New guidelines for kids with type 2 diabetes

3 minute read

We now have population-specific advice about screening, diagnosis, glucose-monitoring targets, and lifestyle changes for children and adolescents under 18.

New guidelines for the management of children with type 2 diabetes means clinicians won’t have to rely on non-country-specific or adult guidelines, says the Australasian Paediatric Endocrine Group (APEG).

The guidelines, which provide advice about screening, diagnosis, monitoring targets, and lifestyle changes for children up to 18 years old, were published this week in the Medical Journal of Australia.

Among the main recommendations, the authors included a dedicated section on considering care for children and adolescents from Indigenous backgrounds in Australia and New Zealand.

Previous guidelines for children with type 2 diabetes did not address specific factors in the Australian population such as high-risk ethnic groups or the management of complications such as ketoacidosis or hyperosmolar hyperglycaemic state.

The new standards, which were developed by APEG, were based on a review of previous type 2 diabetes guidelines and an analysis of available evidence by a panel of healthcare professionals.

“These first Australasian guidelines for children and adolescents with type 2 diabetes provide guidance to healthcare providers in relation to screening, diagnosis, diabetes education, monitoring including targets, healthy lifestyle, pharmacotherapy, assessment and management of complications and comorbidities, and transition,” the authors said.

“The guidelines emphasise the challenges and specifics of caring for these children in Australasia and include recommendations regarding screening and management.”

One key focus for clinicians addressed in the guidelines is the need to promote active lifestyles, not just for the child at risk or diagnosed with the condition, but among their family and caregivers.

Dr Alexia Pena, co-author, senior lecturer at the University of Adelaide, and paediatric endocrinologist at the Women’s and Children’s Hospital, said GPs and other specialists could attempt to promote family involvement through regular follow up with not only the patient, but also their caregivers.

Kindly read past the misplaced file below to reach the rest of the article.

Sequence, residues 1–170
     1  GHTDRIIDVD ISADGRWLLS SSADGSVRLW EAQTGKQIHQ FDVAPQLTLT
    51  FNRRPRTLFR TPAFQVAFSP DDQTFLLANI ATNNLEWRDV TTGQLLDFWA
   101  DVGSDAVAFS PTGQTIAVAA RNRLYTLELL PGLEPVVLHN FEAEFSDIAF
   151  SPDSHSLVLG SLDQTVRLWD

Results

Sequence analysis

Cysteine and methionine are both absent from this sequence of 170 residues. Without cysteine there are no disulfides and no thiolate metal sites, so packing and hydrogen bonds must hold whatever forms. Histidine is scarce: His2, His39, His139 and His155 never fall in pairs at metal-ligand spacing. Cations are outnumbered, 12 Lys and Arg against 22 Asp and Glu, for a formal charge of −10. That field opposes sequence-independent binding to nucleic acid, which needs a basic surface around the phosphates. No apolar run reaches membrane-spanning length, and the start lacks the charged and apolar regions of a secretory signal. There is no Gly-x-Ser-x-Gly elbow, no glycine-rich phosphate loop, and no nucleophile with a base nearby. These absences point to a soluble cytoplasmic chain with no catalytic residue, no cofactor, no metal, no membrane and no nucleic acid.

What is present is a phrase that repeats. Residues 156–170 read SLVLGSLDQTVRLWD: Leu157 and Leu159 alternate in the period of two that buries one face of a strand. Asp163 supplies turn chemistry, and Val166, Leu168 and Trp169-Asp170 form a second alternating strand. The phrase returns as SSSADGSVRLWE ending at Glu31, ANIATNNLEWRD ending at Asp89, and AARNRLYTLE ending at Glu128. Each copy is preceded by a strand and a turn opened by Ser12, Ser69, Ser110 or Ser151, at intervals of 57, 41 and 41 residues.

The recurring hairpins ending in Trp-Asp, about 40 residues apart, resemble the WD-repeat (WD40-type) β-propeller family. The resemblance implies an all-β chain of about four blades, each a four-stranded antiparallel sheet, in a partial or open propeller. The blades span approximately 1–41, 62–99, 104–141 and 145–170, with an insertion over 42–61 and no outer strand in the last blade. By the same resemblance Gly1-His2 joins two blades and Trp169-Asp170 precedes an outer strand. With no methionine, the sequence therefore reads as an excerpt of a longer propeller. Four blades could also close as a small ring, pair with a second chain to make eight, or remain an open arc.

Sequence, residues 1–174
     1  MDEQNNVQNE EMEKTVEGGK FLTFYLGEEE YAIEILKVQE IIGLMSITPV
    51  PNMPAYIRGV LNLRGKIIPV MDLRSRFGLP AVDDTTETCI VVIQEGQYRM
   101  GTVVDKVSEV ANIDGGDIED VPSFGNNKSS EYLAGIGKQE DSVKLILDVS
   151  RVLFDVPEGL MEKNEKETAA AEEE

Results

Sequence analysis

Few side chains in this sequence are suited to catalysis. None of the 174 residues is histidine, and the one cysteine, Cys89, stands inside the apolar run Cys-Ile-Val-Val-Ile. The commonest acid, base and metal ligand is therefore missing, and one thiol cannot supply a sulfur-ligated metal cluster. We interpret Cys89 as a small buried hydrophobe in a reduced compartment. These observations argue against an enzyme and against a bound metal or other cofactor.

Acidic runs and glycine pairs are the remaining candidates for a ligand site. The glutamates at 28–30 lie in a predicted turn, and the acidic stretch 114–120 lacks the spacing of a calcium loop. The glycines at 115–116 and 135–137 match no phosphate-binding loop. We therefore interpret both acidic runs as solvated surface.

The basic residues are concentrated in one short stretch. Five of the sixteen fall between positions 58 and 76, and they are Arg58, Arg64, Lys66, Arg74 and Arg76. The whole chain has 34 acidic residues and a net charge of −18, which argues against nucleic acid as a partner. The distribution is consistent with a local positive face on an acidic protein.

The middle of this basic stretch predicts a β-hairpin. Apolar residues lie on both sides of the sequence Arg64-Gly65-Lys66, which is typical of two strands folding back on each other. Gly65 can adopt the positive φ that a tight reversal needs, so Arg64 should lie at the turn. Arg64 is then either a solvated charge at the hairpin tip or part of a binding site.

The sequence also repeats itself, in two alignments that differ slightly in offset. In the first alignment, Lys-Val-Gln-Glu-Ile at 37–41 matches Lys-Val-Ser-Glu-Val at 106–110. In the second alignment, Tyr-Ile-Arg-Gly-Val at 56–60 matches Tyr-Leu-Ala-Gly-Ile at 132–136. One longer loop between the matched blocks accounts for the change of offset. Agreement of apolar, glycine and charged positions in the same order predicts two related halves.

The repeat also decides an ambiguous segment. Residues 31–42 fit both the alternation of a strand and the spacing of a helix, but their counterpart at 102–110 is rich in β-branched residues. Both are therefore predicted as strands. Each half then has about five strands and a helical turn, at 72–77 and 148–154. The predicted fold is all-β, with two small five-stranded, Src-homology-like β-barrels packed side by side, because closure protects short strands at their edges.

“We also advocate providing multidisciplinary care to provide these children with dieticians to manage the weight of the child and their family, an exercise physiologist, and sometimes social workers to look at other factors which may be impacting their weight and physical activity – which could be social or financial,” she said.

Unlike adults, children and adolescents with type 2 diabetes experience a more aggressive disease onset with half requiring insulin within five years from diagnosis.

Dr Pena said given that the risk of developing complications associated with type 2 diabetes in children was substantial, the guidelines provide a framework for providing care that is both rigorous and safe.

The changes in management, according to the new guidelines, include:

  • A focus on the care of children and adolescents from Indigenous backgrounds in Australia and New Zealand, including screening and management
  • Tighter diabetes targets (glycated haemoglobin < 48 mmol/mol or < 6.5%, down from <7%)
  • Under the guidance of a paediatric endocrinologist, considering use of newer medications approved for adults with type 2 diabetes
  • A focus on transitioning adolescents with type 2 diabetes to a diabetes multidisciplinary care team, including an endocrinologist, for their ongoing care into adulthood

The authors also suggested that follow-up for recently diagnosed children should occur at least once a month, for at least three months, to monitor medications, lifestyle changes and weight management.

MJA 2020, 6 July

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